Rape and Sexual Assault

Primary Prevention of Sexual Violence Grant

Funding is provided to community based organizations to implement primary prevention strategies that reduce sexual violence perpetration and victimization in the state of Utah, including childhood sexual violence, particularly in underserved communities.

The VIPP approaches sexual violence from a public health perspective – recognizing that primary prevention, including efforts to change cultural norms, behaviors, and practices – is essential to create a community climate free from violence.

Application Details

Application Open: May 8, 2017

Application Deadline: 11:59PMSunday, June 11, 2017

 

Download Application

Eligible Applicants: Governmental and non-profit organizations

The Utah Department of Health Violence and Injury Prevention Program (UDOH/VIPP) is requesting proposals to implement primary prevention strategies that reduce sexual violence perpetration and victimization in the state of Utah, including childhood sexual violence, particularly in underserved communities. For the purposes of this RFP, the targeted population is individuals aged 5-25 years (or parents, caregivers, or providers of individuals aged 5-25). Additional weight will be given to applicants who demonstrate how they will serve underserved communities, including: communities of high need, tribal communities, rural communities, or LGBTQ+ (Lesbian, Gay, Bisexual, Transgender, Queer) communities.


Approximately $600,000 in one-time funding is expected to be available and it is anticipated that there will be 20-30 awards. Please note: This amount is subject to change.    

Floor for individual awards: $10,000
Ceiling for individual awards: $50,000
Ceiling for joint applications (2 or more collaborating agencies): $70,000

Applicants must submit program and budget proposals reflecting programming for the anticipated funding period of July 1, 2017 to June 30, 2018.

 

If alternative submission method is requested, please contact Megan Waters, (801)538-6626, mewaters@utah.gov.

Eligibility Details

1. Applicants must be governmental or non-profit organizations, located in the state of Utah.

2. Applicants must demonstrate a clear understanding of the dynamics of sexual violence, the principles of prevention and show how they will address these complex issues.

3. Applicants must also show the level of commitment to the issues and why they believe they are the best organization to address these issues in the proposed target community.

4. Previous awardees MUST be in good standing with the UDOH/VIPP by demonstrating that they have submitted any required documentation and reports in a timely manner and are showing satisfactory progress on any current contracts.

5. An applying agency must abide by the UDOH General Provisions. The RFP Review Committee reserves the right to deny funds to those organizations that do not meet the requirements of this grant.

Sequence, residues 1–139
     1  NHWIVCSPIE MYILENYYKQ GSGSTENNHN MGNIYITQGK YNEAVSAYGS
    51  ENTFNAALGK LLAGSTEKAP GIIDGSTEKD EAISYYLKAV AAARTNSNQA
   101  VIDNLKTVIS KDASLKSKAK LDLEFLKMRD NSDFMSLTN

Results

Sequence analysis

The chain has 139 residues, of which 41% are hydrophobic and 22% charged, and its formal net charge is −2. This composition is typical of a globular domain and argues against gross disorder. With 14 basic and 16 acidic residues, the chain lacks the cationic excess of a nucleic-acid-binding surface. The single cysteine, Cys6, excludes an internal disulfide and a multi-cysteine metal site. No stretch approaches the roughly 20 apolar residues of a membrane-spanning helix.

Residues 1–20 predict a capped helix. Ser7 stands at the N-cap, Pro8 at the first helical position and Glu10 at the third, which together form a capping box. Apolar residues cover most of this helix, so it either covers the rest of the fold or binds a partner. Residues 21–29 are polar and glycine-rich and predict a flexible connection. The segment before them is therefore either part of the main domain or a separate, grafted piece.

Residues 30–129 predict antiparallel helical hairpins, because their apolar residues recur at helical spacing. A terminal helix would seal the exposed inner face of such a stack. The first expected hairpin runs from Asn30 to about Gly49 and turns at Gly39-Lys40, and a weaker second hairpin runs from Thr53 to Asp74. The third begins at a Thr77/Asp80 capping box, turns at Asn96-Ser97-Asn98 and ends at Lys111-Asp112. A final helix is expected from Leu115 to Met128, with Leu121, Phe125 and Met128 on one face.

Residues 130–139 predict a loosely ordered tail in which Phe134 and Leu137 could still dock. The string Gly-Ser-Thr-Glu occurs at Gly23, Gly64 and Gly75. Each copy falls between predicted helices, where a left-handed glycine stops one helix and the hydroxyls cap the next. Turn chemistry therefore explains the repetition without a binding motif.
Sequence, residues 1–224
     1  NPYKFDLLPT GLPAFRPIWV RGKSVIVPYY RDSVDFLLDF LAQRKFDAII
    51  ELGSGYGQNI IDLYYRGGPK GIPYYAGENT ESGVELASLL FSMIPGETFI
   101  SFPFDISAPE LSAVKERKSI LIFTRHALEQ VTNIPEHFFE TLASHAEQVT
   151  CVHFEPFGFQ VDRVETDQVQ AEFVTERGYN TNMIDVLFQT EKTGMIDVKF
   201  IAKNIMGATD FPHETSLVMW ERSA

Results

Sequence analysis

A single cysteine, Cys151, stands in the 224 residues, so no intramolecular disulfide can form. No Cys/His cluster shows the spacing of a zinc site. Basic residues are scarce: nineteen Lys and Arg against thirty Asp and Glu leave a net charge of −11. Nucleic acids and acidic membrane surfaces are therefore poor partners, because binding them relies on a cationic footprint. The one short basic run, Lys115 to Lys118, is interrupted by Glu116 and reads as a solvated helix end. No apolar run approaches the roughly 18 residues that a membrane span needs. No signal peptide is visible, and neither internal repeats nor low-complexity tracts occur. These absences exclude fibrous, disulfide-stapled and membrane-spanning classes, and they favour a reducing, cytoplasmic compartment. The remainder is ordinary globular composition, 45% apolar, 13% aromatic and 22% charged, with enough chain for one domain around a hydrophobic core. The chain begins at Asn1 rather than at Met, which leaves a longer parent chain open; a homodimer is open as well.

Have some questions?

View our Q&A document it will answer questions that have been received from applicants.

What is primary prevention?

The CDC defines sexual assault primary prevention as “approaches and activities that take place before sexual violence has occurred to prevent initial perpetration or victimization.”

The working definition of sexual violence prevention for the RPE program is population-based or environmental and system-level strategies, policies and actions that prevent sexual violence from initially occurring. Such prevention efforts work to modify and/or entirely eliminate the events, conditions, situations, or exposure to influences (risk factors) that result in the initiation of sexual violence and associated injuries, disabilities, and deaths. Additionally, sexual violence prevention efforts address perpetration, victimization, and bystander attitudes and behaviors; and seek to identify and enhance protective factors that impede the initiation of sexual violence not only in at-risk populations, but also the community at large.

Social Ecological Model

The social ecological model allows incorporation of risk and protective factors from multiple domains. The model not only addresses an individual’s risk factors, but also the norms, beliefs, and social and economic systems that create the conditions for the occurrence of sexual violence.

  • Individual: The first level identifies biological and personal history factors that increase the likelihood of becoming a victim or perpetrator of violence. Some of these factors are age, education, income, substance use, or history of abuse.
  • Relationship: The second level includes factors that increase risk because of relationships with peers, intimate partners, and family members. A person's closest social-circle peers, partners, and family members influence their behavior and contributes to their range of experience.
  • Community: The third level explores the settings, such as schools, workplaces, and neighborhoods, in which social relationships occur and seeks to identify the characteristics of these settings that are associated with becoming victims or perpetrators of violence.
  • Societal: The fourth level looks at the broad societal factors that help create a climate in which violence is encouraged or inhibited. These factors include social and cultural norms. Other broad societal factors include the health, economic, educational and social policies that help to maintain economic or social inequalities between groups in society. “Sexual Violence Prevention: Beginning the Dialogue” identifies concepts and strategies, including use of the social ecological model, that may be used as a foundation for planning, implementing, and evaluating sexual violence primary prevention activities.